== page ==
Carter’s emphasis on welfare unlikely to silence Sue

Green Party grouch Sue Kedgley – having asked at Question Time how New Zealand will benefit from any resumption of live sheep exports for slaughter in Saudi Arabia – was told the live animal export trade last year was worth a billion dollars to the Australian economy.

David Carter, our Minister of Agriculture, said it’s clear that in these challenging times this trade is a potential—he repeated the word “potential”—economic opportunity for our farmers.

But regardless of the cash that might flow our way, Kedgley is bothered that the exporting will be done by folk from the Middle East. Arabs.

Sue Kedgley: Is it not the case that at the moment just one Saudi exporter is seeking resumption of the trade; and why would the Government risk ruining New Zealand’s reputation as a responsible agricultural exporter so that a Saudi-owned company can send sheep on a traumatic, three-week sea journey, only for them to be slaughtered at the end of their nightmare voyage?

Hon DAVID CARTER: The negotiations on continuing the trade with Saudi Arabia began approximately 4 years ago, under the previous Labour Government. No timetable is set for the completion of those negotiations. The fact is that the export of livestock for slaughter will not happen unless this Government is totally satisfied that the highest animal welfare and safety standards are met.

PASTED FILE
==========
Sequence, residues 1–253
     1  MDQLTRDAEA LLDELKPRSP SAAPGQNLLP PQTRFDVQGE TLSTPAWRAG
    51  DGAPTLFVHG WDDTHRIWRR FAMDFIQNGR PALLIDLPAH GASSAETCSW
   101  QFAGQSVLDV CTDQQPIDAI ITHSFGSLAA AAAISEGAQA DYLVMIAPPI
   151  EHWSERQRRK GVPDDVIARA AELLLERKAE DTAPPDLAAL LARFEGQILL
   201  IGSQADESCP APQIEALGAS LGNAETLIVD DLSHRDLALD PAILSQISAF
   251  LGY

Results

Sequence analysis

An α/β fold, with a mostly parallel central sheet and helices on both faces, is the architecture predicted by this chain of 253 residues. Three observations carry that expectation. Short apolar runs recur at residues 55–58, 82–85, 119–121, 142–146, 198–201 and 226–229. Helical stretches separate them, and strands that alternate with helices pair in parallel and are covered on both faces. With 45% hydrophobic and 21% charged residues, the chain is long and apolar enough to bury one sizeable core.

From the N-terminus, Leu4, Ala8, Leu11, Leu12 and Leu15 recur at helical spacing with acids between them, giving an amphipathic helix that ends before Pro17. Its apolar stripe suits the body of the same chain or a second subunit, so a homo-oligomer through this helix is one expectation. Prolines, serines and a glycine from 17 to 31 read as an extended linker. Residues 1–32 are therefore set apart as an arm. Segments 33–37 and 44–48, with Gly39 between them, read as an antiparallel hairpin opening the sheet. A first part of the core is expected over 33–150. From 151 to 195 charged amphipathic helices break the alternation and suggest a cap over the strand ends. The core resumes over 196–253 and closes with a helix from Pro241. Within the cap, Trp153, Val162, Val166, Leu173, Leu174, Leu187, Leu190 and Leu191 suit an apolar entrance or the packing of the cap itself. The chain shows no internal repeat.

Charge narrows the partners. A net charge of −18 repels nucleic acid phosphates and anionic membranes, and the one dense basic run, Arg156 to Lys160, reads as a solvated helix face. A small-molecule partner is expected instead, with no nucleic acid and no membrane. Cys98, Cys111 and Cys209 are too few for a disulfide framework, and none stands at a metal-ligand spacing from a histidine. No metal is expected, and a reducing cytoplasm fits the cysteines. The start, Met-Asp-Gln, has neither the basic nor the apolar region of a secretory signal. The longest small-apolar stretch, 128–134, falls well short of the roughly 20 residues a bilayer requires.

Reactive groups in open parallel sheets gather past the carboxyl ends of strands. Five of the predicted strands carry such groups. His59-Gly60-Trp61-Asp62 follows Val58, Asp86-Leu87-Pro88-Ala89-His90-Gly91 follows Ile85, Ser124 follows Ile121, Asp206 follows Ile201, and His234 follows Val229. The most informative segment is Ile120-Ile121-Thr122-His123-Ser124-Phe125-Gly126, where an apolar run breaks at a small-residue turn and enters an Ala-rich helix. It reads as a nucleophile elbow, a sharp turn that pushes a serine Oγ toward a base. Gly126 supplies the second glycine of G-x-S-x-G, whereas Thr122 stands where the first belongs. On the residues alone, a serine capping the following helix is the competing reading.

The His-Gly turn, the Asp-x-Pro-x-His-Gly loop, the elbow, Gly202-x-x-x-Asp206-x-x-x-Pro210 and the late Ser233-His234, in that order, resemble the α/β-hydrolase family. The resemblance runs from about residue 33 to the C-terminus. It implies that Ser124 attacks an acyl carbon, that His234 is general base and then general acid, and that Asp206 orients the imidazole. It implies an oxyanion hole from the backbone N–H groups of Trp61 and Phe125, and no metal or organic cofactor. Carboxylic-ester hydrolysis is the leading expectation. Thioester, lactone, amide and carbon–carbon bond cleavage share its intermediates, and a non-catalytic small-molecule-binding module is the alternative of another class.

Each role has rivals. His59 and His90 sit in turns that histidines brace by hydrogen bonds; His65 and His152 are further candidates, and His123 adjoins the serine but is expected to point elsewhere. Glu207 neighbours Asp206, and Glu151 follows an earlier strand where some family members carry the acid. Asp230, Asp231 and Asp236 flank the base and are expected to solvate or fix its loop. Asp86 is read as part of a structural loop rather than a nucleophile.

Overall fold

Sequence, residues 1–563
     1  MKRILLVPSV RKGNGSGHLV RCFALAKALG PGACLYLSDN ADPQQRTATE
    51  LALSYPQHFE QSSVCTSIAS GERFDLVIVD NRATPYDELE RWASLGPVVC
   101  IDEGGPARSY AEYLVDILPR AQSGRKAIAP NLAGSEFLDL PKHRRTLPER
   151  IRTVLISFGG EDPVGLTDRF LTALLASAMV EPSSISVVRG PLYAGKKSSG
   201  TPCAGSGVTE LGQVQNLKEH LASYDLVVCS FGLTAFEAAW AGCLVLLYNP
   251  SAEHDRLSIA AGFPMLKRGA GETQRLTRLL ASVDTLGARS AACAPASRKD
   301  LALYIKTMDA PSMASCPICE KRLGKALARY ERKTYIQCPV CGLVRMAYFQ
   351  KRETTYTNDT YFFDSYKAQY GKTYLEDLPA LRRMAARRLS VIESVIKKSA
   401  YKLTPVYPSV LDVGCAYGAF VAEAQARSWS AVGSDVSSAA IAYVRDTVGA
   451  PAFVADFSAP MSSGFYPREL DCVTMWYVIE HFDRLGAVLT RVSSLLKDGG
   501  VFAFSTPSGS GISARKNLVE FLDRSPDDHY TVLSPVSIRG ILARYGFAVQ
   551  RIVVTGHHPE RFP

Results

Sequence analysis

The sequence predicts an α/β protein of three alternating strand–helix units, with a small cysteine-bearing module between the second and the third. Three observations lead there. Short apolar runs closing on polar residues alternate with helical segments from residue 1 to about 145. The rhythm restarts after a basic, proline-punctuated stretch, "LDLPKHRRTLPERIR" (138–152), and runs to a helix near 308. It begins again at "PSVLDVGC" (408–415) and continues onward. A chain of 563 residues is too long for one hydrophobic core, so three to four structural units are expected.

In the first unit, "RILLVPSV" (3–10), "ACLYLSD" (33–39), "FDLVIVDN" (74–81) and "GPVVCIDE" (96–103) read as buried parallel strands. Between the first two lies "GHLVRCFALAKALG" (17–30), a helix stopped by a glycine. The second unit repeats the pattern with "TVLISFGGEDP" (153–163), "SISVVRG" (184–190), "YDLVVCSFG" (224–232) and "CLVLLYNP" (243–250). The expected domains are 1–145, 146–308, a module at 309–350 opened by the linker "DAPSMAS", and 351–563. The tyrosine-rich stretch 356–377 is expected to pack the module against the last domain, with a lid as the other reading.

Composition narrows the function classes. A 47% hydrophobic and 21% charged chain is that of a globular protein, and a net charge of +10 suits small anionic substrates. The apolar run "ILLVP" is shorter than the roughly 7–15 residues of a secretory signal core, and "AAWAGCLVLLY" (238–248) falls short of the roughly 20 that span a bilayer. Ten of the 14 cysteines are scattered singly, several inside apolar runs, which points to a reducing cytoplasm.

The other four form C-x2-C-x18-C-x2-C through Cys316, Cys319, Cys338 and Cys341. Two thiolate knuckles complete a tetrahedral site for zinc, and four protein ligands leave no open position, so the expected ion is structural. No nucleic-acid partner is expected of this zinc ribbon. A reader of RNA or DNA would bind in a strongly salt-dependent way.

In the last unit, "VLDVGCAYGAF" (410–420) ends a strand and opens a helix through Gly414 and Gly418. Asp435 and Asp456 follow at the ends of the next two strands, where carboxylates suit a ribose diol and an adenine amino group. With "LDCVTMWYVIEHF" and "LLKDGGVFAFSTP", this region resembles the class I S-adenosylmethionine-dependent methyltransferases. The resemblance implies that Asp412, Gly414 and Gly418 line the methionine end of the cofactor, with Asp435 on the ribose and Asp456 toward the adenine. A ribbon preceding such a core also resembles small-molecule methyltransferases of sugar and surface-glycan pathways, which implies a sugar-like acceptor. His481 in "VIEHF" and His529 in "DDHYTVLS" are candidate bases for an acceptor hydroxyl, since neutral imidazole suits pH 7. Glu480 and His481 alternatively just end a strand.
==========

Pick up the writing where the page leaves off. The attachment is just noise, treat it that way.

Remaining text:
The Nats’ Colin King asked what was the Government’s primary focus in relation to the issue of live animal exports, to which he was told:”Very simply, animal welfare.”

This Government inherited the negotiations from the Clark Gang, and Carter said he had made it clear to officials that his overriding concern in even considering this issue…

is ensuring that the most stringent standards of animal welfare and safety are met, both during transportation and upon arrival. Unless these standards can be absolutely guaranteed, I have no appetite whatsoever for resuming these exports.

The Government was demanding “extraordinarily high standards of animal welfare and safety before we consider the resumption of live exports” and

I would be the first to acknowledge that it might be difficult for some countries to meet these conditions. But let me make it very clear: we are not prepared to compromise, and that may mean this trade never resumes.

So has any timetable been set for the resumption of live sheep exports?

Carter answered no.

Despite the scaremongering and hysteria of the Greens, absolutely no timetable has been set. The Greens should be ashamed to suggest otherwise. These negotiations have been continuing for 4 years, and no timetable is set for their completion.

But clearly, there is potential for economic benefit to the New Zealand sheep farmer, “if the conditions I have spoken about today can be satisfied.”

Will those assurances mute the bleats from Kedgley?

She’s bloody imposible, so it’s bloody unlikely.

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